Due to the immense load of baking and washing and mending-along with chasing a group of rebel hens back into the yard-that her mother put her to, Lucy did not get to her house until noon three days later. She went up between the shadowing firs, up the walk and the steps, patting the heads of the two stone dogs that flanked them. They faced one another, each with a stone basket of flowers in his mouth.
“What's this?” Lucy saw at once that there was a small white envelope with a bulge on the door-mat. Her hand shot out to grasp it, then hesitated. Suppose it wasn't for her? Maybe someone was coming to tidy or do repairs, and this was the key for them to get in by. Did that mean that it would soon be inhabited?
A wild thought darted across her mind, quickening her heart. Suppose she used the key herself and took a quick look around the house? No, no, her older, sensible self said. No. I would never do that. Besides, whoever it is meant for might be suspicious at the open envelope.
She turned over the envelope. On its clean surface was written in firm script, 'Lucy'.
That was permission enough. Lucy sat on the top step and stretched her legs out, breathlessly holding the envelope to her eyes, fingertips tingling.
Inside was the key and a short note, saying merely, “It is time. I hope all is as you would wish it; a little boy named Henry has helped me to arrange it all. This is the key to the sun-room.” At the bottom was scrawled 'Mr. Fairfax'.
Lucy jumped up and darted onto the lawn. “Henry!” Her ecstatic eyes roved the surrounding firs. “Henry!” He was so near, so real. She was sure she would get a glimpse of his puckish form. But the firs only rustled in apology that they did not show what she sought. She knelt on the grass and looked dreamily upward, the note in her hand.
Henry...her girlhood companion whom she often wondered whether she had only dreamed of. Apart from Uncle Alden, he had been the only one who understood her longing for the house and not scorned it. Until she was ten years old she had spent solitary moments in the hollow where her house stood. Then Henry was suddenly there beside her as though formed from the leaves, tanned and clad all in green. It was as though they had always known each other, and thereafter they met in the hollow every day after school was over for Lucy. Henry always arrived after she did, and she could never tell where he would appear. They spent so many happy hours spinning fancies about the house and what was inside it, and climbing trees to try to peer through the windows.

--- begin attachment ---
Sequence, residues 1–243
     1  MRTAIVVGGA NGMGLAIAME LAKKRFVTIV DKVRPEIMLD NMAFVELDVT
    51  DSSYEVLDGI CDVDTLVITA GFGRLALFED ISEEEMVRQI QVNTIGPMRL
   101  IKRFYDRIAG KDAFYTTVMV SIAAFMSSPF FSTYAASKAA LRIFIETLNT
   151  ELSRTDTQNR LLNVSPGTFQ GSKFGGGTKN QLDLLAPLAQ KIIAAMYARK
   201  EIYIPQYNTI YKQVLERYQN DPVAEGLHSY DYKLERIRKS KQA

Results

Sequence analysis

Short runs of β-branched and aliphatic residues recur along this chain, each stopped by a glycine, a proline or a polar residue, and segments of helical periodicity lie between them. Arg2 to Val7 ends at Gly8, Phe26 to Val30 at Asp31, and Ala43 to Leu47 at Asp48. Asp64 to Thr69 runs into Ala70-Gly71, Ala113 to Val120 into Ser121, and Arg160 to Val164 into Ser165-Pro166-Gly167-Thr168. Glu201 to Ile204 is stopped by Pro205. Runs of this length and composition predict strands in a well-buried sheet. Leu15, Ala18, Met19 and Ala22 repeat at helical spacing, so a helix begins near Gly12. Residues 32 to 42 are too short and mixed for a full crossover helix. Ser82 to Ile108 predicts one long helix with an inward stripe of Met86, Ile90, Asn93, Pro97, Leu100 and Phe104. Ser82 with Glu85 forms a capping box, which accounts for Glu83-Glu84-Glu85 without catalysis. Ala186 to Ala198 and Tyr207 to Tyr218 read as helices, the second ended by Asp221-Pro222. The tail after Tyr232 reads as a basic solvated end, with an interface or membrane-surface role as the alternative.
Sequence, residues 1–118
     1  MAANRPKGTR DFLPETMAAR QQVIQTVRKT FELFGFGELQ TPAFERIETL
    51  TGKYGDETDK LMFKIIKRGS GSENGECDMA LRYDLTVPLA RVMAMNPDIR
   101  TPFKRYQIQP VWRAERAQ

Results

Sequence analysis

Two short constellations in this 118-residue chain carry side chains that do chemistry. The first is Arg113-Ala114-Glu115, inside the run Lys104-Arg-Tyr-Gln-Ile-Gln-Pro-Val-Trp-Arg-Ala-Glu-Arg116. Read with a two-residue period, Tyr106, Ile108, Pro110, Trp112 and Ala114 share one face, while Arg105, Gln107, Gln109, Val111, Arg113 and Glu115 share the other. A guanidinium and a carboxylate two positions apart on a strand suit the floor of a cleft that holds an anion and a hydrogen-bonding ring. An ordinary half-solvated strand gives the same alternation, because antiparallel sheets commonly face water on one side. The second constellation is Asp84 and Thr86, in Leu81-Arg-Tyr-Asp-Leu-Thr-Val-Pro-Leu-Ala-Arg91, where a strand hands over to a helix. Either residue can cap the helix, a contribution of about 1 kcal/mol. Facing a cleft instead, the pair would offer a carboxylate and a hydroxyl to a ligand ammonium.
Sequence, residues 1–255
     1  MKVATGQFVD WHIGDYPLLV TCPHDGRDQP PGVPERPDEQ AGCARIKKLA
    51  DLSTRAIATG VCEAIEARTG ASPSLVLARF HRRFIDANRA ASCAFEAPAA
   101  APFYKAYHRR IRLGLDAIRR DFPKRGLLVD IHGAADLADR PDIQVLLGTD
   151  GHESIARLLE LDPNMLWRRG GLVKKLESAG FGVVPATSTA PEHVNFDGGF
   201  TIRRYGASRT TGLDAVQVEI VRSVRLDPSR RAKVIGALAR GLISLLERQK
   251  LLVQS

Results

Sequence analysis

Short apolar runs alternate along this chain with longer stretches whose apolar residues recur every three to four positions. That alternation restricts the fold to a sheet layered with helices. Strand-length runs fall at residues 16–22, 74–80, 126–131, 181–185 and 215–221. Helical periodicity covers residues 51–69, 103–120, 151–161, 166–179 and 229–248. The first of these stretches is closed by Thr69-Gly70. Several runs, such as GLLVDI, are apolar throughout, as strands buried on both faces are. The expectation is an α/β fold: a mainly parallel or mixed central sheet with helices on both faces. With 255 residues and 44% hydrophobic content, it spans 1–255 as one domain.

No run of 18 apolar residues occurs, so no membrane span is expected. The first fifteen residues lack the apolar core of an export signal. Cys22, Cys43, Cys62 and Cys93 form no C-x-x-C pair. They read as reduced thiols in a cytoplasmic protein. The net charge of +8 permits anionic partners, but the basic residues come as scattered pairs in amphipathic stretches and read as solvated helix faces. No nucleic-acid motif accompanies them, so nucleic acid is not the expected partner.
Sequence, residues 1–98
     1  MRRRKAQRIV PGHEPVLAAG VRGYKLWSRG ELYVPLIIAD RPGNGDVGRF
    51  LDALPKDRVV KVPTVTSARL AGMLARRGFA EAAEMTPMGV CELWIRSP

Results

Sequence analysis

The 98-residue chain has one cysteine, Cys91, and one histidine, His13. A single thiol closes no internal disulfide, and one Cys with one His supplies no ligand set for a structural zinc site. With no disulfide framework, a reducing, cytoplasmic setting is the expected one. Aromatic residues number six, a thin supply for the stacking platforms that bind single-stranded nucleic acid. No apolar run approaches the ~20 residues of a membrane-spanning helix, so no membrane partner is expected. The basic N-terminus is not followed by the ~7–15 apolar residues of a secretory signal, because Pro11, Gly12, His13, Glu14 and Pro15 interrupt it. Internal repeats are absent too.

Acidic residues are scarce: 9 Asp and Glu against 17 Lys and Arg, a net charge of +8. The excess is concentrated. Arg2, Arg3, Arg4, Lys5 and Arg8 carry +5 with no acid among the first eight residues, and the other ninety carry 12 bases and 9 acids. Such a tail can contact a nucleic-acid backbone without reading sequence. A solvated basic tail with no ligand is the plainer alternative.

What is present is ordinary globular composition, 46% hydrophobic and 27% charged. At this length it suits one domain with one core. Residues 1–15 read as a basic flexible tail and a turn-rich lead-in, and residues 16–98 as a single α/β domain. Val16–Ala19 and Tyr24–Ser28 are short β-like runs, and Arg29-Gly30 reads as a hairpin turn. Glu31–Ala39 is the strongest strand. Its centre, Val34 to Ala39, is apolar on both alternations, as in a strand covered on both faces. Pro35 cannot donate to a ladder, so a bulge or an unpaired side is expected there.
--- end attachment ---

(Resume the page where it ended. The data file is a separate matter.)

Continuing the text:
There was the snow-white bird who--Henry always insisted that it was a 'who'-- alighted on the kitchen window-sill on moonlit nights to whisper words of wisdom...
The lady who swept about in trailing green skirts scattering coziness and joy; only the back of her was usually seen before she disappeared, leaving one with a longing to see her bright laughing face...
The great cat, long and lean, who curled up in dark corners and spaces because he would turn into a lion in full sunlight; with his fur that was pure yellow, he was like a great glowing ball, and at night he lighted the inhabitants of the house upstairs to bed...
The square window in the upstairs hall that changed each day to show beautiful places: cool gardens and airy meadows, seaside castles and forest cottages, instead of the yard outside...
The light green vase with its elegant swirls; it sung softly when flowers were put into it, particularly if they were red roses...
The flat wooden piper who silently piped, frisking up the stairs when no one was looking; but when he did, those in the house felt a little, indescribable pulling of the heart-string, and felt even fonder of those around them...
A dragon, ten feet tall and long, with plumage of vibrant red, gold, green, and blue, stalked about the back yard; when one went out to it, it just looked and said a thousand wonderful things with its gaze. Occasionally it could be prevailed upon to let one ride on its back, soaring above the treetops, but only at dawn when the sun's opal light washed the sky...
What pleasure and fun they had had in their mutual imaginings! Rarely did they disagree over them.